The government of India informed the Lok Sabha that it has attached or seized criminal proceeds totaling more than Rs 1000 crore relating to cyber and crypto assets scams under the provisions of the Prevention of Money Laundering Act, 2002 (PMLA).
In addition, it stated that between April 2019 and November 2022, such businesses were expected to evade GST to the tune of about Rs 22,936 crore.
The Ministry of Finance responded in writing that the Enforcement Directorate is looking into various examples of cyber and crypto asset thefts in which online gaming and other similar activities were exploited to conduct fraud and then steal the proceeds.
“As of December 6, 2022, more than Rs.1000 crore in illegal gains have been attached, seized, or frozen in various cases in accordance with the PMLA (PMLA). Also, the Special Court, PMLA, has received a total of 10 Prosecution Complaints (PCs) and 2 supplemental PCs “which it said.
It further stated that CBIC formations have begun looking into various gaming enterprises (including Online gaming organisations) in India and abroad for possible Goods and Services Tax (GST) avoidance. It is predicted that between April 2019 and November 2022, these businesses will save paying a total of Rs 22,936 crore in GST.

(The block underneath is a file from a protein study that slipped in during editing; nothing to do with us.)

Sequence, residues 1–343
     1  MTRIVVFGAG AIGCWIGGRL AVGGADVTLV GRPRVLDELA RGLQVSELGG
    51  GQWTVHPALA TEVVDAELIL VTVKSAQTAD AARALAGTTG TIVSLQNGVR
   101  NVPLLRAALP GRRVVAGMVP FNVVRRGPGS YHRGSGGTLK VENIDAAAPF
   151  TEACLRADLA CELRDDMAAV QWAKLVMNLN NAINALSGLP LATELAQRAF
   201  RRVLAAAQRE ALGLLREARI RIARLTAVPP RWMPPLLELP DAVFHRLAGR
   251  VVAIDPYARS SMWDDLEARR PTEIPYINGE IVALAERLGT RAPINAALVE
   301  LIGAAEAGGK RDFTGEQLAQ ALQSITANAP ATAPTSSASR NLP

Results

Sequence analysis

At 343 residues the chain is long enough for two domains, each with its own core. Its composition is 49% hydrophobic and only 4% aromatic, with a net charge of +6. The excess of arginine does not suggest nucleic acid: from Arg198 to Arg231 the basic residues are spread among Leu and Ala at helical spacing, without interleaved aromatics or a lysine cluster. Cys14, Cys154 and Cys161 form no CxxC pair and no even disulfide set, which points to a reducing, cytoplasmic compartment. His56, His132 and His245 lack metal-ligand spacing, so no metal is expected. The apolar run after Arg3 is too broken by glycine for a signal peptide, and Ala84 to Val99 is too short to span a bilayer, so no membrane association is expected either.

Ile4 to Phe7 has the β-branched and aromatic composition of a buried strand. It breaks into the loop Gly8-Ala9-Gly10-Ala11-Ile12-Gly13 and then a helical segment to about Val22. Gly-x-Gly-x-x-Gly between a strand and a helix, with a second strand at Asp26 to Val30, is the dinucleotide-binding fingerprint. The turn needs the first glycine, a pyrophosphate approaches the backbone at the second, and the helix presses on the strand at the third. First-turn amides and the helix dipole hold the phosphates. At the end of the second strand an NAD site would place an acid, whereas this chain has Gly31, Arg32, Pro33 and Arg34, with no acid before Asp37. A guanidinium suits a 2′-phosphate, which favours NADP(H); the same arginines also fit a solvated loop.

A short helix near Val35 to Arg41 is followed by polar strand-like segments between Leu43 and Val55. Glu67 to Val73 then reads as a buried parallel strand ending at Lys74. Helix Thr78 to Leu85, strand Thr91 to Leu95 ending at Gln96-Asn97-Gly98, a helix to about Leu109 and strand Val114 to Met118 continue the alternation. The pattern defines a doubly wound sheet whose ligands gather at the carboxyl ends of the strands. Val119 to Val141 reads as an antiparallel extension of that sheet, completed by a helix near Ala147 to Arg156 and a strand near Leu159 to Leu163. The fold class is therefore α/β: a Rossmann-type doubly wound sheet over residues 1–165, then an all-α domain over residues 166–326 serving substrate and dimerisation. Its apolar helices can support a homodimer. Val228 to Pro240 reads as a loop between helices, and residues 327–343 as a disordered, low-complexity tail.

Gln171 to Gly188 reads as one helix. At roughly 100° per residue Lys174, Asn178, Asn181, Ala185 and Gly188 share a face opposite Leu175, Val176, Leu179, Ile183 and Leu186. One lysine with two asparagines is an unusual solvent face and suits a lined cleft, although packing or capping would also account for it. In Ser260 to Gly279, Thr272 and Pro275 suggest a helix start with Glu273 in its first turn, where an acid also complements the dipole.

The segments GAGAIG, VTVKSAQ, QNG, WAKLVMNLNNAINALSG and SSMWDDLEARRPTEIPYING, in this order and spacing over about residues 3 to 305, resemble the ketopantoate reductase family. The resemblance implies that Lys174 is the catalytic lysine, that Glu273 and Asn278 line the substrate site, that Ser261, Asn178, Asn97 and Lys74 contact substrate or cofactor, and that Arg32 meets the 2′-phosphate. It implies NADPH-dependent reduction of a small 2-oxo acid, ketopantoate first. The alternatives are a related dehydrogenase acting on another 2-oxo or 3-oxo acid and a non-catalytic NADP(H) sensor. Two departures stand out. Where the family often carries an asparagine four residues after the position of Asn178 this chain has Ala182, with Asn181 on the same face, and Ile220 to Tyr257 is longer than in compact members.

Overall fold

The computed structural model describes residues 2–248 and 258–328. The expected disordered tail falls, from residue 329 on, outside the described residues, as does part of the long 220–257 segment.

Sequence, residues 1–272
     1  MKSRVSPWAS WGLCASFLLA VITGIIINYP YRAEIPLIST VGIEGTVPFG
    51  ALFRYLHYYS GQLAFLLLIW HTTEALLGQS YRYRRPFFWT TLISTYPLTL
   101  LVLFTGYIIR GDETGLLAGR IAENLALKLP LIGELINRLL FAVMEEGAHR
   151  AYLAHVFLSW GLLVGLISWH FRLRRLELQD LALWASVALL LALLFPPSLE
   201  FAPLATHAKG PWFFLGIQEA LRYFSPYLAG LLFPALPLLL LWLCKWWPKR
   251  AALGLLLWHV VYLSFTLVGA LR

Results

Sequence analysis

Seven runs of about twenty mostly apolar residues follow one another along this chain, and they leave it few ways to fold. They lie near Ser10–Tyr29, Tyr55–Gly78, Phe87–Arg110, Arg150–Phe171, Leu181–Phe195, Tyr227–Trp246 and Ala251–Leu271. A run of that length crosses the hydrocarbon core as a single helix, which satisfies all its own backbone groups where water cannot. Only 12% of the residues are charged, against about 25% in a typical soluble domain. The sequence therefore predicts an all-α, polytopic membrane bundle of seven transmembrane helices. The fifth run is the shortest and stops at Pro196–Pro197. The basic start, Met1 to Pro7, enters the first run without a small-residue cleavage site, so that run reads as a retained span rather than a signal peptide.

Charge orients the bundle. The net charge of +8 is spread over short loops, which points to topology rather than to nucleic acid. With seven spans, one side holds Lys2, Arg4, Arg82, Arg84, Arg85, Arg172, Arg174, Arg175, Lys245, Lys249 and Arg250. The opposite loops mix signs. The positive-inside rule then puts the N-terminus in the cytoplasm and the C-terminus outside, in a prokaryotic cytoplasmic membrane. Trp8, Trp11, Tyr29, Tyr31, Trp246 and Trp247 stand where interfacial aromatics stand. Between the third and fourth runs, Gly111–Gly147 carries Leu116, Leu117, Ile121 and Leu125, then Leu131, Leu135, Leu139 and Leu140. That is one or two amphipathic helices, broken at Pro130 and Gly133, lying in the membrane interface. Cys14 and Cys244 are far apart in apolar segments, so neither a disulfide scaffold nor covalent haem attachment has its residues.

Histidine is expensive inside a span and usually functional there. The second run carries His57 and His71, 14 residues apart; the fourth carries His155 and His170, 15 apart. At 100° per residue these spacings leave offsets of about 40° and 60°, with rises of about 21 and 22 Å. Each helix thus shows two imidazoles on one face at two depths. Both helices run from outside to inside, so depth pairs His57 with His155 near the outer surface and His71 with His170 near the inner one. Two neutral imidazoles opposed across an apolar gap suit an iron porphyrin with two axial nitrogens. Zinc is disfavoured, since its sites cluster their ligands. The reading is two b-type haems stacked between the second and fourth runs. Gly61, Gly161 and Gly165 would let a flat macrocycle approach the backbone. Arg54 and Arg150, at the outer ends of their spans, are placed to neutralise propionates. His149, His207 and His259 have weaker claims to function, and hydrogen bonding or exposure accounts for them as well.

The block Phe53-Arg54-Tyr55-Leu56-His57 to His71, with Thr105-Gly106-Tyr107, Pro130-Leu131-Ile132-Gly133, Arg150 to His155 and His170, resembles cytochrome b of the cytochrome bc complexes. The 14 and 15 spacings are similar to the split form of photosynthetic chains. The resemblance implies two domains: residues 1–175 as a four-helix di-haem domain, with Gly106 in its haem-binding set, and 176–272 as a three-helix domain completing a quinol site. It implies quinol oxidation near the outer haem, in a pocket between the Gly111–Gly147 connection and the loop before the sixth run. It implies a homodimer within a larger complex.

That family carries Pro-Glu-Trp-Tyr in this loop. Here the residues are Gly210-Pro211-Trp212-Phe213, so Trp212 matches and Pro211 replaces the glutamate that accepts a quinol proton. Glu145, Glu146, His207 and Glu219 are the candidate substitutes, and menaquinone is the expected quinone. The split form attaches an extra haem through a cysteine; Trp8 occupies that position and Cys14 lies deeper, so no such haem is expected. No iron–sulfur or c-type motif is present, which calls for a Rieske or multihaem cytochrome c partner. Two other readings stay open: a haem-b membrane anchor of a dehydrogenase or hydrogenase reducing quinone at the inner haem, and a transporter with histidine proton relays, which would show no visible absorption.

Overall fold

To quote Pankaj Chaudhary, an undersecretary in the Indian Ministry of Finance: “Assets amounting to Rs 289.28 crore have been confiscated under section 37A of Foreign Exchange Management Act, 1999.” In response to a question on whether or not the government plans to outlaw such gambling enterprises, the response was, “Necessary action as per requirements of law is taken against such companies, as noted above.”
When asked if the Income Tax Department has sent out notices to numerous online gambling businesses because they are allegedly not paying their fair share of taxes, the response read: “Since there is no unique identifier for online gaming entities in the Income Tax Return, there is no way to access information about online gaming companies that are evading income tax and have been served with notices by the Income Tax Department. Except as allowed by section 138 of the Income Tax Act, 1961, it is against the law to reveal any information pertaining to an individual taxpayer.”